At a summit meeting of the Group of 20 industrial nations in Australia last November, US President Barack Obama announced a contribution of 3.0 billion dollars to help the world’s poorest nations fight climate change.
Even before Obama’s pledge, the New York Times reported that at least 10 countries, including France, Germany, and South Korea, had pledged a total of around 3.0 billion dollars to the fund.
The US contribution was followed by a pledge of 1.5 billion dollars by Japan.
Back in November 2014, Hela Cheikhrouhou, executive director of the Fund, was quoted as saying: “The contribution by the US will have a direct impact on mobilizing contributions from the other large economies.
Ban told delegates last week: “I strongly urge developed countries to provide a politically credible trajectory for mobilizing 100 billion dollars per year by 2020 to support developing countries in curbing emissions and strengthening their resilience.”
It is imperative, he pointed out, that developed countries provide greater clarity on the public finance component of the 100 billion before Paris, as well as on how they will engage private finance.
An agreement must also acknowledge the need for long-term, very significant financing beyond 2020.
“I welcome the recent announcement by Germany to double its climate finance support by 2020, and encourage other developed countries to follow this example,” he implored.
Taken in sum, he said, this finance package should build trust and help unlock the additional trillions in financing needed to build low carbon, climate resilient economies.
According to the United Nations, a summit meeting of world leaders last September catalysed “much-needed momentum” on climate finance.
“Public and private sector leaders pledged to mobilise over 200 billion dollars by the end of 2015 to finance low-carbon, climate-resilient growth.”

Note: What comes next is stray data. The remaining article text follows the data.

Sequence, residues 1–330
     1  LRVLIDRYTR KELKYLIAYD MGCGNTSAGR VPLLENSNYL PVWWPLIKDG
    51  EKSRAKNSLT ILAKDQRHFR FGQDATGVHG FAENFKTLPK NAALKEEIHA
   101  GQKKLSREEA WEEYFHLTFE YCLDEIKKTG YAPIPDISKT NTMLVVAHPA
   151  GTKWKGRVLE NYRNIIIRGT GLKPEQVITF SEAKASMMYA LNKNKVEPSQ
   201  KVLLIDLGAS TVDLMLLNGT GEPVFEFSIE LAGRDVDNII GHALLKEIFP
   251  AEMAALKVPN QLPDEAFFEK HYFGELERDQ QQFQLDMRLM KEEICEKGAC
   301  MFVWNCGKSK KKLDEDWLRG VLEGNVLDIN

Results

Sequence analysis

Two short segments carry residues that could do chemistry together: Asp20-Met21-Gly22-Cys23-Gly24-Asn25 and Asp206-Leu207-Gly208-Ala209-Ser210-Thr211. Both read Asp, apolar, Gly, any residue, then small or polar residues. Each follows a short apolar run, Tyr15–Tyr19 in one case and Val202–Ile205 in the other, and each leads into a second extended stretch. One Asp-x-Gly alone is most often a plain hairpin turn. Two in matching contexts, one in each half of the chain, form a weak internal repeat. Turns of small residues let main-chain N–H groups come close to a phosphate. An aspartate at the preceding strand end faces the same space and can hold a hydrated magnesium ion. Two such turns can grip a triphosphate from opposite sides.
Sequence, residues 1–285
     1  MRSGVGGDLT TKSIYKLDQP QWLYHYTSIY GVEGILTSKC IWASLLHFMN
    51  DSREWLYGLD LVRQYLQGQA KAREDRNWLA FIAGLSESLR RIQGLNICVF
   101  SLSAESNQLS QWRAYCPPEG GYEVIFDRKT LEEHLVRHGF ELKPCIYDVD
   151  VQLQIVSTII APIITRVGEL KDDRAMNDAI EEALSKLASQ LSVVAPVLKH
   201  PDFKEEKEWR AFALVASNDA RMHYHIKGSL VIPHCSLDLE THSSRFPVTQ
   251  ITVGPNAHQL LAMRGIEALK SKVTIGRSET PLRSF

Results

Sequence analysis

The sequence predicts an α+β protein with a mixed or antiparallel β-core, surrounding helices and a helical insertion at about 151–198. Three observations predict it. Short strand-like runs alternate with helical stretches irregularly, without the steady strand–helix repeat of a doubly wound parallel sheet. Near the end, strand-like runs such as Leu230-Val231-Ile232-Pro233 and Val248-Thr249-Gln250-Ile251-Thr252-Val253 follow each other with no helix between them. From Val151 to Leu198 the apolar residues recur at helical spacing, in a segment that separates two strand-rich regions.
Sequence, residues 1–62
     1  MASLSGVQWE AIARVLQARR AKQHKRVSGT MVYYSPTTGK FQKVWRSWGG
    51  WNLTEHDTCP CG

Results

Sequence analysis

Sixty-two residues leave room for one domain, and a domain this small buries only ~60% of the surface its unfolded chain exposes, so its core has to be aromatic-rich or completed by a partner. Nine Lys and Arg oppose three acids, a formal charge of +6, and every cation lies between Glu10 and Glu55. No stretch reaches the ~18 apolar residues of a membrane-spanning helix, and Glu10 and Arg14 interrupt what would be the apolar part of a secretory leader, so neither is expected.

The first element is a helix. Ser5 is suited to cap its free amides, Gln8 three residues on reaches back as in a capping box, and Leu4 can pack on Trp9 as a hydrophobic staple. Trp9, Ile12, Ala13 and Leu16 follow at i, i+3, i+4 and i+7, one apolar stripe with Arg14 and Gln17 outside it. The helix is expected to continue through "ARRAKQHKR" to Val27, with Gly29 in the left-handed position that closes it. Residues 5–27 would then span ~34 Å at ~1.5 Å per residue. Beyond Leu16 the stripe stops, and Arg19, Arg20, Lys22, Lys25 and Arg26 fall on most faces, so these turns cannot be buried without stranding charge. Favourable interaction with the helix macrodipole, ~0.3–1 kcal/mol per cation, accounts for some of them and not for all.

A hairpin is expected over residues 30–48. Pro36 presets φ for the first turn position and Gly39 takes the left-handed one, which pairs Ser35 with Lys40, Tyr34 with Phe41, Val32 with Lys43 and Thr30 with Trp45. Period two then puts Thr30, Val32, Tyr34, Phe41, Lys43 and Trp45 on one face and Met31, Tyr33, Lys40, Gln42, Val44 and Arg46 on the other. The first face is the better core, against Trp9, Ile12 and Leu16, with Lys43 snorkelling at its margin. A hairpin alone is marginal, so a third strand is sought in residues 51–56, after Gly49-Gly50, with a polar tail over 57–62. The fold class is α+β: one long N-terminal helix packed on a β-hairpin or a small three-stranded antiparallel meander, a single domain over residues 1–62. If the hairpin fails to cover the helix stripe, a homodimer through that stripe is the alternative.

A meeting in Lima, Peru last December pledged 10 billion dollars for the initialisation of the Green Climate Fund, according to a UN statement.
Providing a different perspective, Elges of Transparency International (TI) told IPS: “The challenge is: how do we make sure that the world spends the money earmarked to avoid serious climate change efficiently and effectively? If that money goes astray, it could have disastrous consequences on the ground.”
She said there is also the corruption threat of lobby groups – for example, in the fossil fuel industries – in developed countries like the US or the UK, who are able to influence long-term climate policy for short-term gain.
For example: 550 billion dollars per year go to fossil fuel in the form of subsidies, often resulting from corruption and undue influence.
In developing countries, the greater issue is weak governance: in practice, laws on transparency and accountability are not being respected.
One of our priorities at TI is to strengthen these areas of government and help citizens scrutinise hold their leaders to account.
Corruption is a global phenomenon: it affects all countries, albeit in different ways and it can affect every aspect of life, including our global response to climate change, she declared.
Asked if there is a UN role in battling corruption in climate change, Elges said climate change, human rights and transnational crime are all covered by UN treaties and compliance bodies.
The UN therefore has a huge role to play – politically and practically, to improve coordination against corruption across the board, and around the world, she declared.